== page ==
BT has partnered with Juniper Networks to support with the core infrastructure that will underpin the rollout of its upcoming unified cloud networking platform.
The platform will unify BT’s networks including 5G, Wi-Fi and fixed-line into one virtualised service which will enable more efficient infrastructure management and deployment.
The new unified platform will supposedly allow BT to “create new and exciting converged services bringing mobile, Wi-Fi, and fixed network services together”.
The platform’s infrastructure will be build to a common framework, allowing it to be shared across BT’s offices nationally and globally.
The platform will be used by a range of BT’s arms such as voice, mobile core, radio/access, ISP, TV and IT services and deploying the platform company-wide will cut costs and streamline operations.
“This move to a single cloud-driven network infrastructure will enable BT to offer a wider range of services, faster and more efficiently to customers in the UK and around the world,” said Neil McRae, chief architect, BT. “We chose Juniper to be our trusted partner to underpin this Network Cloud infrastructure based on the ability to deliver a proven solution immediately, so we can hit the ground running.”
“Being able to integrate seamlessly with other partners and solutions and aligning with our roadmap to an automated and programmable network is also important,” he added.
We’re told that the project will facilitate the advent of new applications and workloads for the telecoms giant and evolve its existing ones including converged fixed and mobile services and faster time-to-market for internet access delivery.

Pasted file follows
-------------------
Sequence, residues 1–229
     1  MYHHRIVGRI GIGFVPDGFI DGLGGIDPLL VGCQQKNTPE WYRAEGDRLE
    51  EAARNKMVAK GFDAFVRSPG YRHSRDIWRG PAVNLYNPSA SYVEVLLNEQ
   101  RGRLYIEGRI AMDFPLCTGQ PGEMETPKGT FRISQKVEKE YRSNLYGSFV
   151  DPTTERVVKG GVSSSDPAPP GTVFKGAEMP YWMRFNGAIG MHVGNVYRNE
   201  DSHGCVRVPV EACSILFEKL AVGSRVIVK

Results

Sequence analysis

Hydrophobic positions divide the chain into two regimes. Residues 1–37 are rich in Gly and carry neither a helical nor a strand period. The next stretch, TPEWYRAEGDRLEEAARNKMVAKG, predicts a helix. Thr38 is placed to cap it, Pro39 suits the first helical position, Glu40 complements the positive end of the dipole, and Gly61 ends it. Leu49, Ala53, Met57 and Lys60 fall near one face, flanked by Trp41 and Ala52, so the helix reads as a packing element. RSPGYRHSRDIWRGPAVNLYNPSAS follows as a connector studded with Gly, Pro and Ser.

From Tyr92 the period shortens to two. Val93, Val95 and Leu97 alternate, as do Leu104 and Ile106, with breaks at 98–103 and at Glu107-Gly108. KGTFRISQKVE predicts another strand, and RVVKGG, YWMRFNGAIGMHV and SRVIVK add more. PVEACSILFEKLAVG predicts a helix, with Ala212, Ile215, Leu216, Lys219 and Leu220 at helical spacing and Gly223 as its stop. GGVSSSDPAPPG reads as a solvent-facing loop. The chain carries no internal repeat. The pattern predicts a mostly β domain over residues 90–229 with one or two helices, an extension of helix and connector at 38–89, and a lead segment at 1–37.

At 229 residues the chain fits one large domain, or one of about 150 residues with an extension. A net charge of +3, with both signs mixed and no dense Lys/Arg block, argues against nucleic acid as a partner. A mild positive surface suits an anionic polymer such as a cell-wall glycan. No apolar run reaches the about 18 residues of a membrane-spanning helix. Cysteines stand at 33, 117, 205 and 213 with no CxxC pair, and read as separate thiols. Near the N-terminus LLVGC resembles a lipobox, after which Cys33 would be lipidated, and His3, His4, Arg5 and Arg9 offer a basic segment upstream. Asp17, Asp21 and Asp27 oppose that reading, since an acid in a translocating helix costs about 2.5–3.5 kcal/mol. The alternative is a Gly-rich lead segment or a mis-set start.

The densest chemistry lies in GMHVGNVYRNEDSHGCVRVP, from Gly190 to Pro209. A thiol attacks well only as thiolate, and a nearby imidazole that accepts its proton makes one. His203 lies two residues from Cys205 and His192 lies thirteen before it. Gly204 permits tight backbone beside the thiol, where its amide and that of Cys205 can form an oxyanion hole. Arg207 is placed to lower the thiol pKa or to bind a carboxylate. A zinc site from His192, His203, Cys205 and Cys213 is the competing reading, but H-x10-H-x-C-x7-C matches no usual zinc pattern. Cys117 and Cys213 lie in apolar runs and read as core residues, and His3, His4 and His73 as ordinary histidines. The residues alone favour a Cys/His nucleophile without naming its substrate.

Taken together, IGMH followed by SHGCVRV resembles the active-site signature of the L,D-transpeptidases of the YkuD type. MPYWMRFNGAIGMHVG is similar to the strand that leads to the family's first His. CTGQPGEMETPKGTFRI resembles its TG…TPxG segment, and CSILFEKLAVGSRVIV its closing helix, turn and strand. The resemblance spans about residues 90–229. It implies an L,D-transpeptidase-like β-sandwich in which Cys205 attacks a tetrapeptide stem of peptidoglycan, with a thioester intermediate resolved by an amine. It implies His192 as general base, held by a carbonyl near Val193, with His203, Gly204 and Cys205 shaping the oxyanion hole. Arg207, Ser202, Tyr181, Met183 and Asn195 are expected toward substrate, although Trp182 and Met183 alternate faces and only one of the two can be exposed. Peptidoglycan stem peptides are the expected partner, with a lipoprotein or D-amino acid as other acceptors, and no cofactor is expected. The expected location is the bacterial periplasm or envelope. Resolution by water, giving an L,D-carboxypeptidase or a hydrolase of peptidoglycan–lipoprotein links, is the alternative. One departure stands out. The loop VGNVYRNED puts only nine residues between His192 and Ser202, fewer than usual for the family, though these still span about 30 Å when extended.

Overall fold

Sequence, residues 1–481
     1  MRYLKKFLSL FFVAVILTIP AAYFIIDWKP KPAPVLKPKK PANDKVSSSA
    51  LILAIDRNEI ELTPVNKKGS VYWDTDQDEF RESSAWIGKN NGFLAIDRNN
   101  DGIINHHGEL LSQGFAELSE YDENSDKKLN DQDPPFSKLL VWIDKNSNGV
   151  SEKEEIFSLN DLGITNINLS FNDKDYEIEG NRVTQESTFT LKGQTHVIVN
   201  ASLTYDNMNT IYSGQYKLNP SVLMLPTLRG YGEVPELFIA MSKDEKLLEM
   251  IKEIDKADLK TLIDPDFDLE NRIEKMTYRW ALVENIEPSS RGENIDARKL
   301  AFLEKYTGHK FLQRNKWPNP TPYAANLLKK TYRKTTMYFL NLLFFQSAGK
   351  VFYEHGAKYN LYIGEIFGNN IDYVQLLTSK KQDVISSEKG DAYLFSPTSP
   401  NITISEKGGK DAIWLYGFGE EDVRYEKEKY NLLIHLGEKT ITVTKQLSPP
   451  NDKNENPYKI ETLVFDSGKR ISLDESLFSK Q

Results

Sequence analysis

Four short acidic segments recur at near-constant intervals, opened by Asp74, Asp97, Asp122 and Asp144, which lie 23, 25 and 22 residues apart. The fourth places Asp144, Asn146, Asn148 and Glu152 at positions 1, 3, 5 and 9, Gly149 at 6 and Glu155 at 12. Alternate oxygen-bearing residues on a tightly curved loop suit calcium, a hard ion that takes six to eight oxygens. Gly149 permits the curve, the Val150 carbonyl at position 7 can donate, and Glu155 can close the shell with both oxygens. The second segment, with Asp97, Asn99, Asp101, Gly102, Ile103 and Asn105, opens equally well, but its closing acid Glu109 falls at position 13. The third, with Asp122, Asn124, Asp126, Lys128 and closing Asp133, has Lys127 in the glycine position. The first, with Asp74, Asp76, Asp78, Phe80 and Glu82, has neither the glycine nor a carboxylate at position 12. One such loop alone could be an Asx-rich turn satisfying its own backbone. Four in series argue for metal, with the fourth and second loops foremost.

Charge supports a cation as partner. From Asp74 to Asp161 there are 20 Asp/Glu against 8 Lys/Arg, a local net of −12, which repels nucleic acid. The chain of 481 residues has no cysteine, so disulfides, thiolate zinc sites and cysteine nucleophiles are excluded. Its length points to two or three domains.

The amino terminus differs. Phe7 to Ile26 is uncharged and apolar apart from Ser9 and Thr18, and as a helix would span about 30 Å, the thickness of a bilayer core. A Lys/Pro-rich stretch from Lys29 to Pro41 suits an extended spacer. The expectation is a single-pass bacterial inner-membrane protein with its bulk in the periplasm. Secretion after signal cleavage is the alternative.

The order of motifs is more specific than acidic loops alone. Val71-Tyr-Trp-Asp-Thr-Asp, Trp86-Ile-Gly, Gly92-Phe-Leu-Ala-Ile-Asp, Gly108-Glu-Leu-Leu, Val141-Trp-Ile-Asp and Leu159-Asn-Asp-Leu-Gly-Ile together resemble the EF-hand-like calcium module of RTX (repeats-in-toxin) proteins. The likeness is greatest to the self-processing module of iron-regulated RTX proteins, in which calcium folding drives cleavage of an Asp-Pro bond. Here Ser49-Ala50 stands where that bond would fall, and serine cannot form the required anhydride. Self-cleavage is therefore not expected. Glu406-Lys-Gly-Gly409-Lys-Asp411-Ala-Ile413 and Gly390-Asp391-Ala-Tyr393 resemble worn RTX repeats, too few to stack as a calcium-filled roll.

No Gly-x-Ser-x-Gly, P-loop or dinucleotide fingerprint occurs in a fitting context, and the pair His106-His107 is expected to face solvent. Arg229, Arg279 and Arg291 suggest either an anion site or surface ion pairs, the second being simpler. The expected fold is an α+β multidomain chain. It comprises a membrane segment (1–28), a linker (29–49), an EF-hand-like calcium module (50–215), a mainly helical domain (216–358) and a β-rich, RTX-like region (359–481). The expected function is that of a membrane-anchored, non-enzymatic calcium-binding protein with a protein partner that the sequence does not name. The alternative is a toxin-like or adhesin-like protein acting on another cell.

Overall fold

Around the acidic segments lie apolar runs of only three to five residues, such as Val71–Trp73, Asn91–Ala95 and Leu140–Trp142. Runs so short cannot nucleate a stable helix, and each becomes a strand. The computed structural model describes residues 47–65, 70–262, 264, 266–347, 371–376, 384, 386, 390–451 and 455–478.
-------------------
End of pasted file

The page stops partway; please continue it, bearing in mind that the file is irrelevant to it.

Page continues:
“By leveraging the ‘beach-front property’ it has in central offices around the globe, BT can optimise the business value that 5G’s bandwidth and connectivity brings,” said Bikash Koley, chief technology officer, Juniper Networks.
“The move to an integrated telco cloud platform brings always-on reliability, along with enhanced automation capabilities, to help improve business continuity and increase time-to-market while doing so in a cost-effective manner,” he added.
BT has undergone a change in leadership this year and faces challenges in almost all areas of its business, according to its annual financial overview.
EE’s business has been carrying the telco, it’s the only arm of the company that is posting profits in an “unfavourable telecoms market”. Its revenue slip for the year has been attributed to the decline in traditional landline calls with a seemingly unrelenting shift to voice over IP.
In order to capitalise on new business angles such as IoT, cloud and SD-WAN, BT admits greater investment is needed and this will most likely hinder its short-term revenue targets but it could be pay off in the long term.
“Our aim is to deliver the best converged network and be the leader in fixed ultrafast and mobile 5G networks,” said Jensen. “We are increasingly confident in the environment for investment in the UK.”
EE launched its 5G network last week, becoming the first telecoms company in the UK to do so. It’s available in six major cities and speeds of 1Gbps are promised “for some users”.